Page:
Personal income fell a minuscule $5.6 billion for April to remain virtually unchanged, according to a Commerce Department report (link opens in PDF) released today. With disposable personal income down 0.1% and personal spending down 0.2%, the new report hints at more hesitant consumers.
Analysts were once again underwhelmed, having overshot March's income prediction by an unrevised 0.2 percentage points. For April, analysts expected a 0.1% rise in personal income and no change in consumer spending levels.
Manufacturing payroll knocked $2.1 billion off their books, while goods-producing wages fell $2.0 billion. Although government wages and salary squeaked up $0.2 billion and the services sector added $3.7 billlion, the overall change remained negligible.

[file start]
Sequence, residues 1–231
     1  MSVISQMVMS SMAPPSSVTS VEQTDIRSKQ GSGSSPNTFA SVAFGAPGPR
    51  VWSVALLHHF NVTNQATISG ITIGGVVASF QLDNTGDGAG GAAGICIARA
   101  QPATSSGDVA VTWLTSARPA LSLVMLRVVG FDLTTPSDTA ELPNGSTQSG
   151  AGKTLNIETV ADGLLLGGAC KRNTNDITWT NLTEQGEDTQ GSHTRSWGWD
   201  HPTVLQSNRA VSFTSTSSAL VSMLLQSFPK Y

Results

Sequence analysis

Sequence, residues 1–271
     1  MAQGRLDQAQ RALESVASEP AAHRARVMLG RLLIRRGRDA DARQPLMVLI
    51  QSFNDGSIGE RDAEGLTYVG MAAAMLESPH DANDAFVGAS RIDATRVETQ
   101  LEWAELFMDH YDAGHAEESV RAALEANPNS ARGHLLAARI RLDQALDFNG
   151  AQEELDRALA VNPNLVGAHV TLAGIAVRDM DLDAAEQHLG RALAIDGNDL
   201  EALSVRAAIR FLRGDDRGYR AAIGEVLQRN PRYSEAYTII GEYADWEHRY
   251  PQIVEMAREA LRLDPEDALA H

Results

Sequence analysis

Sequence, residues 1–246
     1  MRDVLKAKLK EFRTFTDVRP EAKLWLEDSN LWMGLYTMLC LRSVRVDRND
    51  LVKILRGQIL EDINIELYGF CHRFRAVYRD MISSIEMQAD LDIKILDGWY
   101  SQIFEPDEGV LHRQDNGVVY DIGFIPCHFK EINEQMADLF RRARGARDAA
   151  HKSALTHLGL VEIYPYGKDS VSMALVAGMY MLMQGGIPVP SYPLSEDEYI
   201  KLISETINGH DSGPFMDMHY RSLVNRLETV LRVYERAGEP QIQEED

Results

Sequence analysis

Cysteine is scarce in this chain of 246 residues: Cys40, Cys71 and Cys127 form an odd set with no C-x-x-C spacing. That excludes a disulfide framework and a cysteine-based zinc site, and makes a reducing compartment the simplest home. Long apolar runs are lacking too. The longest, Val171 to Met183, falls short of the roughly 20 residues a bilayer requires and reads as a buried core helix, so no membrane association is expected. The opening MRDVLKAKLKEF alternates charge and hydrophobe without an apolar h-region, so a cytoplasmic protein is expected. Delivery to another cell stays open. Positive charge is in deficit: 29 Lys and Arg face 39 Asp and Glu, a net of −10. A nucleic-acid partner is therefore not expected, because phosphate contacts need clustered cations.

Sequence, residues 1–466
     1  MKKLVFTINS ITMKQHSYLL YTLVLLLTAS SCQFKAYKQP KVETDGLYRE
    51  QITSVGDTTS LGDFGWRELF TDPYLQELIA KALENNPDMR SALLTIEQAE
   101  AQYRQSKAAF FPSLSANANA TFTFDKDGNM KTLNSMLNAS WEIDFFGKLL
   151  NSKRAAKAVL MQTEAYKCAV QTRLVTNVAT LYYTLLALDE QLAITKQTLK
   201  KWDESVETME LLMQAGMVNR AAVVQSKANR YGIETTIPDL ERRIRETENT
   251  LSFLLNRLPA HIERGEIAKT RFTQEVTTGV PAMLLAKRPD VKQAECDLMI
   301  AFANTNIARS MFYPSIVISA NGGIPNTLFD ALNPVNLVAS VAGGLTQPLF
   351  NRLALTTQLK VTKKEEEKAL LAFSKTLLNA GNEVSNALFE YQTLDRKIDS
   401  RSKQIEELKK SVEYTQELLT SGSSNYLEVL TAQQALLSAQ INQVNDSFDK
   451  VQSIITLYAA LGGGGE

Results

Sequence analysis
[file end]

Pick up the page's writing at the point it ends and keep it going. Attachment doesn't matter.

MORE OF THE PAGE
Inflation also fell 0.3%, although the dip was due mostly to cheaper energy and core inflation remained unchanged .
Over a long-term perspective, April's numbers hint at slow but steady gains. Both personal income and consumer spending are up 2.8% compared to April 2012, while core inflation remains at a reasonable 1.1%.
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